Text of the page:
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Taft School Logo Taft School Wordmark NEWSPAPERS USEFUL LINKS •Taft Google Drive
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HOW DO I? •Request an Item the Library Doesn't Own
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•Find Primary Sources
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COURSE GUIDES DATABASES

The Hulbert Taft, Jr. Library


U.S. History Spring Research Paper: Reference Sources

START YOUR RESEARCH WITH REFERENCE SOURCES

These sources provide essential background information - facts like who, what, when, where, why, and how - that will be useful as you dive deeper into your research.

 

  • This will allow you to better understand where the specific information you find later fits in the bigger picture.
  • Make note of terms, also called keywords, relevant to your topic:
    • Examples: names of people; important dates; relevant legislation; words or expressions unique to your topic.
  • You can use these keywords when searching for secondary sources (books and journal articles) and primary sources. 

Examples of Reference Sources: Encyclopedias, dictionaries, almanacs, atlases, thesauruses, and indexes.

 

Tips for Citing Reference Sources in NoodleTools

Online Reference Databases

Resource Allows NoodleTools Export Citations can be exported from this source to NoodleTools.
Contains Primary Sources This source contains Primary Sources.

 

 
 Online Subscription Databases : American History generally

SUBJECT-SPECIFIC REFERENCE SOURCES

 
Click on the links below for reference materials in these categories:

If you have any questions, see
Mr. Padgett, Ms. Taylor, or Mr. Previti
OR email us at 
spadgett@taftschool.org  
  taylorp@taftschool.org
rpreviti@taftschool.org
We're here to help!


CITING REFERENCE SOURCES IN NOODLETOOLS

 

PLEASE NOTE: We recommend that you NOT copy and paste complete citations from electronic sources. NoodleTools cannot generate footnotes from copied and pasted citations.

 

A Reference Source citation has 2 parts:

  • information about the article you used: author, title of article, and page numbers if available.
  • information about the encyclopedia as a whole: author / editor, encyclopedia title, name of publisher, place of publication, and date of publication.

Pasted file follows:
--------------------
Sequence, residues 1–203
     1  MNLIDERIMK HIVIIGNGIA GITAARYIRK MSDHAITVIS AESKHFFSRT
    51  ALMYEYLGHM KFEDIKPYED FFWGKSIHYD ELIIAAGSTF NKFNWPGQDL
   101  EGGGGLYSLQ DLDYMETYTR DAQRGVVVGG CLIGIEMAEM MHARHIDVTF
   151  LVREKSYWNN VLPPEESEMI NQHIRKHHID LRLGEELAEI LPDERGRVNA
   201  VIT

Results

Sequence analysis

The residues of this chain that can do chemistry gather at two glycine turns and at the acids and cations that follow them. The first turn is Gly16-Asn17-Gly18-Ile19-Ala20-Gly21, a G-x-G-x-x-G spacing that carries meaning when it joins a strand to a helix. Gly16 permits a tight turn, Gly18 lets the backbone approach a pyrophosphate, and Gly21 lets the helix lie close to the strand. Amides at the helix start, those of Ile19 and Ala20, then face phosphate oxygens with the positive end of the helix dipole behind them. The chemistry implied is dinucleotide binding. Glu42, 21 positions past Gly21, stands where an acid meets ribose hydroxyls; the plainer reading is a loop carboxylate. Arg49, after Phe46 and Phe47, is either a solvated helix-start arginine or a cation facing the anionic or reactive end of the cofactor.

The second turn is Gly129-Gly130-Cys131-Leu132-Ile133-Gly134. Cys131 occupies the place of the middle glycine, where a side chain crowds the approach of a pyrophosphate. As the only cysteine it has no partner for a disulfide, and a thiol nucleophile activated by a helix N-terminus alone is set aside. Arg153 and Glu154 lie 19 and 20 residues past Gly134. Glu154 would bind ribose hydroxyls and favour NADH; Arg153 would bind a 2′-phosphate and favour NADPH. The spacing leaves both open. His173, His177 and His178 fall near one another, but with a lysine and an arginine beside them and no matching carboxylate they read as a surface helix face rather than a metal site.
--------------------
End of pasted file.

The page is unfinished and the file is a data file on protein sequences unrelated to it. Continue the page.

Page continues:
Reference sources can be cited in NoodleTools using the ISBN (International Standard Book Number) if provided. The ISBN can be found on the back cover of a book, on the back side of the title page, or in the library catalog record. It can also be found in databases containing sources originally produced in print. If you don't find it, we can help you. Books published before 1967 won't have an ISBN.

International Standard Book Number - Wikipedia

If you use the ISBN method, you will still have to fill in the information about the specific article you used because this method only imports the information about the encyclopedia as a whole (title, editor, publisher, etc.).

To cite an encyclopedia / reference source, first choose the NoodleTools option that best describes where you found it:

  • Database = an electronic book found in a Taft Subscription Database such as Gale eBooks.
    • You can export citations from many of our databases. Look for Resource Allows NoodleTools Export  next to the database name.
  • If you cannot export the citation, go to NoodleTools, choose Database and then Reference Source.
    • Be sure to provide the permanent URL for your source. Look for any of the following on the page: permalink, persistent link, stable link, durable link, "Get link", Cite or Citable Link.
  • Website = an encyclopedia found through a search engine such as Google. 
  • Print or In Hand = a book found on the shelves of the library's Reference Collection.

Next you will choose the type of source you are citing. In this case, Reference Source.

You will complete both parts of the Reference Source form:

  • information about the article you used: author, title of article, and page numbers if available.
  • information about the encyclopedia as a whole: author / editor, encyclopedia title, name of publisher, place of publication, and date of publication.
  • Information about a web encyclopedia: author of article (if given), title of article, the URL of the article you are citing, and the most recent date (date updated or date of online publication).

 

If you have any questions,  Mr. Padgett, Ms. Taylor, or Mr. Previti are happy to help!